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I know this band is called The Prophecy, but that's basically exactly the same shit as one called Prophecy, so it's getting included. And what a change, from good times Texan death-metal to super serious British, er, stuff.
Yes, stuff is not the most descriptive genre label ever, but it's certainly a whole lot better than "death/doom", which implies some death, and for that matter, some doom in the sound of The Prophecy. Just because something has some double kick and the occasional (rare is perhaps a better descriptor) growl does not make it death metal; just like having a slow part once in a while does not make something doom metal.
Certainly, Salvation does have a bit of a hard sound to categorize, but that doesn't mean it's creative or worthy of praise. There's a lot of stuff that falls back to bad Machine Head-esque, guitar-as-percussion stuff (nothing all that different from what you'd hear on something like Evanescence or perhaps a "heavy NIghtwish moment"), a bit of chunky-ish palm muted sections that's a bit higher on the fretboard, all up I guess it's some sort of hybrid of Trivium, In Flames and maybe Lamb of God for the real "heavy" sections. I generally use the term "revolver metal" for it; effectively, get a riffing pattern that people who read/write Revolver magazine will love (you may substitute this for Kerrang! or Metal Hammer if you want) and you're pretty much there. So rather shitty, if you didn't obviously get that.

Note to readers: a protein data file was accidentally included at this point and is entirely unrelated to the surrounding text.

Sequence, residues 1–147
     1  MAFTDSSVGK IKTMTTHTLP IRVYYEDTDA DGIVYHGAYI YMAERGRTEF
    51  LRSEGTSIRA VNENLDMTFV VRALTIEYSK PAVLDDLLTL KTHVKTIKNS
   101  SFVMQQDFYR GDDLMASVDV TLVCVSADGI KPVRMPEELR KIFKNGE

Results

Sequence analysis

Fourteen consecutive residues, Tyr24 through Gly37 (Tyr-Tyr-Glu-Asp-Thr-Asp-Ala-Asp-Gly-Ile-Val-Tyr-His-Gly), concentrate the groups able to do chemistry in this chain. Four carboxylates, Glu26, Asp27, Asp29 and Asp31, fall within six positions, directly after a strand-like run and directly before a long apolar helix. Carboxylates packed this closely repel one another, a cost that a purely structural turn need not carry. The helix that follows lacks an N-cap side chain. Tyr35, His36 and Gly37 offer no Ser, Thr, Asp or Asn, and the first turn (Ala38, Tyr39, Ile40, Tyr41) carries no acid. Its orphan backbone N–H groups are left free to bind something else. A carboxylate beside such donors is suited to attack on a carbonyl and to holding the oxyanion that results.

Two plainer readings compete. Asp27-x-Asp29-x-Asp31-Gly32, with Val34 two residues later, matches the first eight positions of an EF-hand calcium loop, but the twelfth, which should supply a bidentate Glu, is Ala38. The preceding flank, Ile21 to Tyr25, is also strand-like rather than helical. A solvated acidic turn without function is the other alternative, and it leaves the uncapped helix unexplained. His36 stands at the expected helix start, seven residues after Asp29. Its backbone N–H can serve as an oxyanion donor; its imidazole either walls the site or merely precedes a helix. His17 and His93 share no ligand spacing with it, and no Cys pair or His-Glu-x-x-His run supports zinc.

Perhaps the best way to describe this album then, is "prog-revolver metal", as the band spend long times building up to their half assed heavy moments. The song structures throughout are pretty familiar, following a pretty straight ahead quiet-loud formula; a build up that's reminiscent of post-good music Anathema or Katatonia before "exploding" into "big riffs". Certainly, the songs flow logically, and the sparse, wrapped-in-strings sections are tastefully done, albeit nothing that's all that cathartic or feels-giving. At the end of the day they just don't suffice in resurrecting the well moribund songs. Every song passes you by as the one before- a quiet intro with some rather average vocal lines, a heavy part with some incredibly generic riffs, followed up with some more bad vocals (sung or growled!) over more generic riffs.
Everything here is profoundly mundane, remarkably unremarkable, exceptionally mediocre, etc. Sounding competent but achieving precisely zero musical effect- not a good thing. The Prophecy are clearly good musicians who have not found their muse yet at all, it seems. Avoid like the particularly well-produced plague that it is.